1. Instructors will usually set the tone and provide guidance and guidelines for behaviour. Follow these for each course.
  2. Introduce yourself in any new setting. You can ask your instructor to set up a discussion board where everyone can do this, if no other space is provided.
  3. Respond to other people using their preferred names, when you can, and make sure you are spelling and pronouncing names right. It personalizes the exchange.
  4. Avoid assuming people’s gender or pronouns based on their name or appearance. Instead, refer to people using names or non-gendered language (e.g., “I agree with what the student before me said”).
  5. Check your tone and phrasing before you share, particularly when responding directly to someone. What you say online is difficult to take back, especially in writing.
  6. Be careful with jokes and sarcasm. They don’t always translate well to the online environment and may be misinterpreted by people unfamiliar with you or from backgrounds different than yours.
  7. Know that people participate differently when communicating, some by reflecting rather than jumping in right away. But reach out if you notice someone has been absent for awhile, particularly in group work.
  8. Quote or otherwise give credit if you are responding to a specific point made by someone else or including something from another text.
  9. Accept and forgive mistakes. We all make them sometimes, despite our best intentions.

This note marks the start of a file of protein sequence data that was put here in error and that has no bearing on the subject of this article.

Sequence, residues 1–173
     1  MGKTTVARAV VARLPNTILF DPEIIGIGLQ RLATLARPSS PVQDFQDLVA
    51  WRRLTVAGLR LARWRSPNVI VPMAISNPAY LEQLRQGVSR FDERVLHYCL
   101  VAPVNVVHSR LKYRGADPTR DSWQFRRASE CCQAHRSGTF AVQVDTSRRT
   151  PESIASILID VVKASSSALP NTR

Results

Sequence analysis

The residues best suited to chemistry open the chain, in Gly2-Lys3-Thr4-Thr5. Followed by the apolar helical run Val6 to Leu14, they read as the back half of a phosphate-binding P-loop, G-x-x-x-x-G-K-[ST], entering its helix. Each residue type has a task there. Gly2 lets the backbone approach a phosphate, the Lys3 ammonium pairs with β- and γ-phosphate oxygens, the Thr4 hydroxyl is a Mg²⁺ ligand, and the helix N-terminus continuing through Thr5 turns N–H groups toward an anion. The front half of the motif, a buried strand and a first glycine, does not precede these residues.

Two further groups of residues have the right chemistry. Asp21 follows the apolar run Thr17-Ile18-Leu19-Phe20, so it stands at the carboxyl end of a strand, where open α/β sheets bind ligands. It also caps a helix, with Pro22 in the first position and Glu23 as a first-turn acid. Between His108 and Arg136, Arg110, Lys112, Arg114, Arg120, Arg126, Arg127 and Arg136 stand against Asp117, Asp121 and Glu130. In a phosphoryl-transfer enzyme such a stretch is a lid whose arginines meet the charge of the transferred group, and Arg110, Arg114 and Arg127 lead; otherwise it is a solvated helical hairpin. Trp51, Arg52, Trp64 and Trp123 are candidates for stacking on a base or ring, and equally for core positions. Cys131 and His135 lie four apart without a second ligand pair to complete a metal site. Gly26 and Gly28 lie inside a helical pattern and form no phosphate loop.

10. Always remember there is a person behind the words and that culture and personality influence communication style and practices. Stay open and ask questions if something seems unclear or unfriendly—avoid negative assumptions and try to assume the best about others!

Tip:
In rare instances, online behavior can appear so blatantly disrespectful and even hostile that it requires attention. If this is the case, let your instructor know right away.

How you communicate online is one part of your digital identity. The UBC Digital Tattoo site » can help you think about your overall online presence and learn about your rights and responsibilities as a digital citizen.

This section was adapted from the UBC Distance Learning communicating online page »

Reach out to your instructors

  • Communicating one-on-one with instructors is something you may feel uncomfortable about, and this feeling may be heightened when you don’t have any opportunities to meet face-to-face.
  • Please know you can and should reach out for help, now more than ever. Instructors are your guides through online courses and want you to succeed. If you are struggling with the material or concerned about keeping up, let them know—the earlier, the better!

Tip:
Attending virtual office hours is a great, informal way to connect with instructors. Even just five minutes can go a long way toward easing your concerns.

Find more motivation for reaching out in the Chapman Learning Commons Interacting with Profs toolkit »

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Work In Groups

Connecting with peers can become trickier without the casual, face-to-face interactions that come with regular in-person class times. But online collaboration tools and a strong team dynamic can help you tackle any group work.

Use online study groups

  • In Canvas courses, groups can be organized by students as well as instructors. Use your Canvas groups to study, collaborate on projects, and discuss course topics.
  • Each group has its own private Canvas group area, which ​contains announcements, pages, discussions, and files that are shared only within your group​.